# Embedded Submanifolds Have a Unique Smooth Structure

Let $M$ be a smooth manifold. An embedded submanifold of $M$ is a subset $S$ of $M$ such that $S$ is a topological manifold under the subspace topology induced by $M$, endowed with a smooth structure such that the inclusion map $i:S\to M$ is a smooth embedding.

Is it true that if $M$ is a smooth manifold and $S$ is a subset $M$, then there is a unique smooth structure, if one exists, which makes $S$ into an embedded submanifold?

Suppose there is a smooth structure on S which makes the inclusion map $i:S\to M$ a smooth embedding. Let $\mathscr A =\{(U_\alpha,\varphi_\alpha)\}_{\alpha\in J}$ be a smooth atlas on $M$. Then I think the set $$\mathscr B=\{(U_\alpha\cap S,\varphi_\alpha|_{U_\alpha\cap S}):\alpha\in J\}$$ is a smooth atlas on $S$, since any two elments in $\mathscr B$ are smoothly compatible (borrowing from the smooth compatibility of $(U_\alpha,\varphi_\alpha)$ and $(U_\beta,\varphi_\beta)$). The inclusion map can also be shown to be smooth under this smooth structure. Since any smooth atlas is contained in a unique maximal smooth atlas, there is a unique smooth strucure on $S$.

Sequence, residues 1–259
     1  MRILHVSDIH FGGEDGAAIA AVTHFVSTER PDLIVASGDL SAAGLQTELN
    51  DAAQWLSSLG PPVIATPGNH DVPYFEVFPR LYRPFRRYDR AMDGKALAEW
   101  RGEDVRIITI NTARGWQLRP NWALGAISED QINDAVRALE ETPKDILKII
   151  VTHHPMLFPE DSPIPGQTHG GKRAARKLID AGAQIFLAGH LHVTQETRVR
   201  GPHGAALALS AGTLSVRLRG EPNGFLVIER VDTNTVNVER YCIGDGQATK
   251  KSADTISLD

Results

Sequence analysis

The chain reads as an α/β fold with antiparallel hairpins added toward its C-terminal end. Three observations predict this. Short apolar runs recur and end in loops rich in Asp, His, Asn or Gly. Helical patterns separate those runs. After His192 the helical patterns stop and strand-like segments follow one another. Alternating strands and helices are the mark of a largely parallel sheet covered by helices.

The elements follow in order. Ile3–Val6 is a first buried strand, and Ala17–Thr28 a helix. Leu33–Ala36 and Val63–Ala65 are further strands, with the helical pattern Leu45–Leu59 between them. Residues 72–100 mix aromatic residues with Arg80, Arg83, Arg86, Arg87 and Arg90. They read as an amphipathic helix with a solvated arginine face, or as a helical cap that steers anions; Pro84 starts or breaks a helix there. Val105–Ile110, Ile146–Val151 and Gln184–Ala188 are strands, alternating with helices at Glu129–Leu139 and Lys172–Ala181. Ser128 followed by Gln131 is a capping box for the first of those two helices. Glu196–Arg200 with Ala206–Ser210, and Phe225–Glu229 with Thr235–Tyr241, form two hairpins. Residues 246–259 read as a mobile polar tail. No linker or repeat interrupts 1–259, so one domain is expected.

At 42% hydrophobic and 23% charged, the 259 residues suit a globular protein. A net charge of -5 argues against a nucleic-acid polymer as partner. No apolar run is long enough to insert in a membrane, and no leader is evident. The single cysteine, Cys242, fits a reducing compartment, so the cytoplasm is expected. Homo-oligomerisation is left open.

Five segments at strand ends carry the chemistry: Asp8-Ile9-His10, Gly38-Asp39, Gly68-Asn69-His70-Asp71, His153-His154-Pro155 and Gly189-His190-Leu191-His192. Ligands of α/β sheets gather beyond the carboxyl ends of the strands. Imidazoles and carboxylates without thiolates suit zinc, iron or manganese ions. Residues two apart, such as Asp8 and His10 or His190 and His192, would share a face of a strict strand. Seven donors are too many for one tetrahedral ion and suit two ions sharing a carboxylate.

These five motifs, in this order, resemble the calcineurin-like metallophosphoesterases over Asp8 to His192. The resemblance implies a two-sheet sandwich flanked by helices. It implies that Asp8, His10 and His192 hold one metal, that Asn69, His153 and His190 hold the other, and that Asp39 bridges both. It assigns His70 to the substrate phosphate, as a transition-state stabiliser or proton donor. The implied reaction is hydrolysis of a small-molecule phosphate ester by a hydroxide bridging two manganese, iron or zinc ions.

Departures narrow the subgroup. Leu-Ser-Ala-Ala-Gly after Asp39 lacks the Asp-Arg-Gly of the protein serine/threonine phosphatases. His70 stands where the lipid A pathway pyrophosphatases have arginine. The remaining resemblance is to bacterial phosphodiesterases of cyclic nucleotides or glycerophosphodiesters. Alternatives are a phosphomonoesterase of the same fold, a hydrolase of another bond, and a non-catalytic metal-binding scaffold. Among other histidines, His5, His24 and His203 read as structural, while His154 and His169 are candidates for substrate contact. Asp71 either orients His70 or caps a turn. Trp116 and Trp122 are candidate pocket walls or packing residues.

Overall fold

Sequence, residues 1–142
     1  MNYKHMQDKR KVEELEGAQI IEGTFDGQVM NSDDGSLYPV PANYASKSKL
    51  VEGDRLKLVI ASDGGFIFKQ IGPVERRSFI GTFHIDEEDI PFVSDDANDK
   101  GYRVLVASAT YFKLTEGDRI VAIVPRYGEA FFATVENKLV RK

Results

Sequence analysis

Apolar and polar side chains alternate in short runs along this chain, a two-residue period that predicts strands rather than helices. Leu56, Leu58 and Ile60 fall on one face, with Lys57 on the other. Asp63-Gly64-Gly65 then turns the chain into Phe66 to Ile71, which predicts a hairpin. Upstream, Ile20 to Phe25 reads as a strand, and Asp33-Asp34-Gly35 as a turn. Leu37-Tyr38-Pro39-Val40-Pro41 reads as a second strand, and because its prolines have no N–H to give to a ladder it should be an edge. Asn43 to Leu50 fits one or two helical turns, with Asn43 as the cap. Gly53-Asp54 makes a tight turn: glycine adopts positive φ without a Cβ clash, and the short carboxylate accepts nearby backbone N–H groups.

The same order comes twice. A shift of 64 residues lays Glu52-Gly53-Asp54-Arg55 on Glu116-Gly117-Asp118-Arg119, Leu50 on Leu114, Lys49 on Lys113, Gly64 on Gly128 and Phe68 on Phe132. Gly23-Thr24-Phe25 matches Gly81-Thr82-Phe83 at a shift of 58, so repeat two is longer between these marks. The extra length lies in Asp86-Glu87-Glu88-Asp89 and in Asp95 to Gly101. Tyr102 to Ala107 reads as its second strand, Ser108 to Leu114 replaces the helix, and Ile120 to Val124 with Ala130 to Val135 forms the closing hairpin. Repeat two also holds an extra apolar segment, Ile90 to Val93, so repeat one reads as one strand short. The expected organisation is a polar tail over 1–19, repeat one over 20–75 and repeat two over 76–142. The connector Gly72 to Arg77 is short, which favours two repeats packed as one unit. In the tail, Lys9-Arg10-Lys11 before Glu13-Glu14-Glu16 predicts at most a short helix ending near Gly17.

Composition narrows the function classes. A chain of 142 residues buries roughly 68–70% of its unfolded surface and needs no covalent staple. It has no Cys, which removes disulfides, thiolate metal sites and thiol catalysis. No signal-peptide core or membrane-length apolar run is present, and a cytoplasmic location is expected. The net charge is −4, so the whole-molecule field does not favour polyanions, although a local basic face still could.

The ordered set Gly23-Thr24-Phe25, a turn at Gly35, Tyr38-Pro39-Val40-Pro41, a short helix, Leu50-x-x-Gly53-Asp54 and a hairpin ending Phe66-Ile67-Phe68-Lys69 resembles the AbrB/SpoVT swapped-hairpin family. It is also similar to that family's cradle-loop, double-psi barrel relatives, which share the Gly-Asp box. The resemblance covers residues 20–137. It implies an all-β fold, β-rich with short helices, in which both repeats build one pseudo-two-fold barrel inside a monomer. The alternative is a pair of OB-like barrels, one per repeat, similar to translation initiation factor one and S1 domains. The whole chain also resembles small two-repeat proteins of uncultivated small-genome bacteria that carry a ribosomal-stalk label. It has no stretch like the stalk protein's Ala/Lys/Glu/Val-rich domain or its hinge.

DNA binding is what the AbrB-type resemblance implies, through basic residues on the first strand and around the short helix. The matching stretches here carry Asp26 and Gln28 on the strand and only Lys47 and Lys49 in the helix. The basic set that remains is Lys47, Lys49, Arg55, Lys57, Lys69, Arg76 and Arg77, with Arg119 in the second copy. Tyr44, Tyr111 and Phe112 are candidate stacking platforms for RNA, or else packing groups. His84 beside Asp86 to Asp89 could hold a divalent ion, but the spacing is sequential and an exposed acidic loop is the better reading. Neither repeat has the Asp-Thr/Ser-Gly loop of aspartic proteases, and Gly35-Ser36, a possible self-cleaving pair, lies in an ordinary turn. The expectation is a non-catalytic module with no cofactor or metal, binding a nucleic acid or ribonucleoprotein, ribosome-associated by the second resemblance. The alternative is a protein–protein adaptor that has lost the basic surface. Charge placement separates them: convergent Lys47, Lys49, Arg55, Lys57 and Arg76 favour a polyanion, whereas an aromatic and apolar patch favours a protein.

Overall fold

Is this reasoning correct?

• Lee's book (page 114) for the uniqueness of the topology/smooth structures on $S$ that makes $i$ an embedding. – jimbo Jan 22 '15 at 2:45
• @jimbo Your response certainly helped. Can you also see if my working above is correct? – caffeinemachine Jan 22 '15 at 3:16

Let $p\in{S}$, $(\phi, U)$ such $\phi(S\cap{U})=\phi(U)\cap(\mathbb{R}^n\times{0})$
$$\phi\circ{i_S}\circ(\phi|_{S\cap{U}})^{-1}:\phi(U)\cap(\mathbb{R}^n\times{0})\to\phi(U)\subset\mathbb{R}^n$$ is the inclusion map, hence smooth.
In fact it´s a local representation of $i_S$. Then induced structure por $M$ is the same as the original structure of $S$.